Forty-three participants who had been in a relationship for less than half a year performed a number of tasks during which they had to discriminate irrelevant from relevant information as soon as possible. (Agencies)
It appeared that the more in love they were, the less able they were to ignore the irrelevant information. Love intensity thus was related to how well someone is able to focus. There was no difference between men and women.
The participants listened to music that elicited romantic feelings and thought of a romantic event to intensify their love feelings. Participants also completed a questionnaire that was used to assess the intensity of their love feelings.
The results of the study by Henk van Steenbergen and colleagues from Leiden University and the University of Maryland differed from results from previous studies.
Previous studies showed that the ability to ignore distracting information is required to maintain a long-term romantic relationship.
Being able to control oneself (also called "cognitive control") and to resist temptations that could threaten the relationship is essential in long-term love, researchers said.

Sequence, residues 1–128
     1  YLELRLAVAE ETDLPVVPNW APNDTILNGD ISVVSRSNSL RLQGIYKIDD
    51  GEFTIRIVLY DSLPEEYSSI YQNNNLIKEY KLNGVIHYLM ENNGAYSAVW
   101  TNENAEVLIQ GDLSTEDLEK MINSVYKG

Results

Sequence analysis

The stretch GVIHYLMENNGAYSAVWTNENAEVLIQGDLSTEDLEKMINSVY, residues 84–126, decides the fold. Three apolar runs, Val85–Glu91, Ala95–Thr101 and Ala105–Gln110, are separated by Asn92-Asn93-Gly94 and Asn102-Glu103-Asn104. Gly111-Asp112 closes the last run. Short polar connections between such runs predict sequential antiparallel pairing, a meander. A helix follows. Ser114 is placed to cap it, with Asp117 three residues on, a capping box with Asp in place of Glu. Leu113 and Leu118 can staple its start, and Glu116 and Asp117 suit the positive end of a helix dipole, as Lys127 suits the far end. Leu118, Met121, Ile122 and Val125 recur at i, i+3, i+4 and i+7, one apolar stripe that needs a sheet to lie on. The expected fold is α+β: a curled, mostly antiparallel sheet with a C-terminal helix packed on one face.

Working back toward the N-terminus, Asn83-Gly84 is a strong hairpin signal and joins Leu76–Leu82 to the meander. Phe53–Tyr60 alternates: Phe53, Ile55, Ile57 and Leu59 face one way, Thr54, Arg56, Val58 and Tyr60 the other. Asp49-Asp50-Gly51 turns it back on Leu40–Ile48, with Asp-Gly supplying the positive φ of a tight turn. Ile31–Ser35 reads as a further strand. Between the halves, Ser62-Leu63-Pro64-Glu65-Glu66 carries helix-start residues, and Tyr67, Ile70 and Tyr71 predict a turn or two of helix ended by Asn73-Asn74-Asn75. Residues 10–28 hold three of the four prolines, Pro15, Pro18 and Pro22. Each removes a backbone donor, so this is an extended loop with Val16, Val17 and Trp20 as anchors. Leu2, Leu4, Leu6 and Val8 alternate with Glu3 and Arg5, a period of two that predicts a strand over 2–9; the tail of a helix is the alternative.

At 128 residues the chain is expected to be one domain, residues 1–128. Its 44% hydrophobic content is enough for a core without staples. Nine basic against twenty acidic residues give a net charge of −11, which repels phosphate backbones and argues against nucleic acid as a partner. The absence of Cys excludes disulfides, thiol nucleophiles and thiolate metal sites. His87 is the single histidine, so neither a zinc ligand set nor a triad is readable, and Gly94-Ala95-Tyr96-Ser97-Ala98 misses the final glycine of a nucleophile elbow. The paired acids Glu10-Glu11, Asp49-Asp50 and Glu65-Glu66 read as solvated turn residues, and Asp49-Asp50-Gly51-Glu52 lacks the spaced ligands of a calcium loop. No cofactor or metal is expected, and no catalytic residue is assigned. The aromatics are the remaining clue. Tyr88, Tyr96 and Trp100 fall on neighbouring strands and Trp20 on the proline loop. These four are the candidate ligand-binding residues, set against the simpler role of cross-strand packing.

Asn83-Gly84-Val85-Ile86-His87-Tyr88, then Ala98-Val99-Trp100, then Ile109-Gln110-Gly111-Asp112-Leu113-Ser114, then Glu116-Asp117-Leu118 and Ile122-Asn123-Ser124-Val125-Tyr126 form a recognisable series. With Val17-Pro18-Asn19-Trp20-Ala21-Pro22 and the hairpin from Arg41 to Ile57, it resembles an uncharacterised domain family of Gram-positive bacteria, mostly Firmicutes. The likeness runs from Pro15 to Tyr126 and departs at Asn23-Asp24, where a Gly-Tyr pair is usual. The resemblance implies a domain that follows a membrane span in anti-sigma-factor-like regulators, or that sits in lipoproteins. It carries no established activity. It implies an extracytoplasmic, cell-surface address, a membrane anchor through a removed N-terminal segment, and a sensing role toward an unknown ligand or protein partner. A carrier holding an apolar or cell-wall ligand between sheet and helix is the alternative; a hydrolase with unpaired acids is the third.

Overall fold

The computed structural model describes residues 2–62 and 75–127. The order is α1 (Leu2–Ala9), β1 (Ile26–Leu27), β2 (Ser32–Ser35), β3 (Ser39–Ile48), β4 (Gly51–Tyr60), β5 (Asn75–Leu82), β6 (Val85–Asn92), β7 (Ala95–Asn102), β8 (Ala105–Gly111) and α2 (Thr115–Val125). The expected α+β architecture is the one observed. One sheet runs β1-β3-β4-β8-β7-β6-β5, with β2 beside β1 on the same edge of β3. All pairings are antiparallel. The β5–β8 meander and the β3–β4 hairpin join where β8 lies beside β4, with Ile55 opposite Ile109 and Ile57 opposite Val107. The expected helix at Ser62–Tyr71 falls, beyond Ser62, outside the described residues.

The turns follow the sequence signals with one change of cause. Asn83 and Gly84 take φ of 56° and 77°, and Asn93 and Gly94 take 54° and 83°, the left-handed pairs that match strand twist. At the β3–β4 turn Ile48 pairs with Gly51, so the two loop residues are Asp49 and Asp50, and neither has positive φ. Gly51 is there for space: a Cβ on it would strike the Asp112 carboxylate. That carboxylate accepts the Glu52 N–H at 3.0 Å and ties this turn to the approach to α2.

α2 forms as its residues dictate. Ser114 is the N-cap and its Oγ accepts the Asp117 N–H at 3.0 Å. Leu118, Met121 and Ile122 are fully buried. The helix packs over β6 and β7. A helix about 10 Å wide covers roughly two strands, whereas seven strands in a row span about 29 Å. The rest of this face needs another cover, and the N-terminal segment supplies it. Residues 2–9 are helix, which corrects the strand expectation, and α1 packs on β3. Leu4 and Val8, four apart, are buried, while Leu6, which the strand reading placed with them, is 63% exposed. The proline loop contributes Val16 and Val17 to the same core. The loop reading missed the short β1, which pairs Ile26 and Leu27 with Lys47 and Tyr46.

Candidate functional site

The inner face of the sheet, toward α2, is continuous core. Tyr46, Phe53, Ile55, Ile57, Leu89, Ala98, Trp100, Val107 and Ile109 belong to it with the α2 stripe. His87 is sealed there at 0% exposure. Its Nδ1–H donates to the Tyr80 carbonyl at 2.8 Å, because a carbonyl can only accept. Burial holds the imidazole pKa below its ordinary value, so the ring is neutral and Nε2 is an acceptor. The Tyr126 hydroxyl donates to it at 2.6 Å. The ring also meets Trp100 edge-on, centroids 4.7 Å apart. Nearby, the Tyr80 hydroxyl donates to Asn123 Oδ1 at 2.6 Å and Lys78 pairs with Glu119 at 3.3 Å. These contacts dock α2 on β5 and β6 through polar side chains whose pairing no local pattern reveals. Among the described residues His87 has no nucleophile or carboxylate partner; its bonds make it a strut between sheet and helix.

In the study, the participants had become involved in a romantic relationship only a few months ago.
"When you have just become involved in a romantic relationship you'll probably find it harder to focus on other things because you spend a large part of your cognitive resources on thinking of your beloved," Van Steenbergen said.
"For long-lasting love in a long-term relationship, on the other hand, it seems crucial to have proper cognitive control," said Van Steenbergen.
Over time, a balance between less and more cognitive control may be critical for a successful relationship.
Van Steenbergen emphasises that the link between romantic love and cognitive control is a new area of research.
"The reason why romantic love is associated with cognitive control is still unknown. It could be that lovers use all their cognitive resources to think about their beloved, which leaves them no resources to perform a boring task.
"It could also be that the association goes in the opposite direction: people who have reduced cognitive control may experience more intense love feelings than people who have higher levels of cognitive control," said Van Steenbergen.
The study appeared in the journal Motivation and Emotion.
Forty-three participants who had been in a relationship for less than half a year performed a number of tasks during which they had to discriminate irrelevant from relevant information as soon as possible.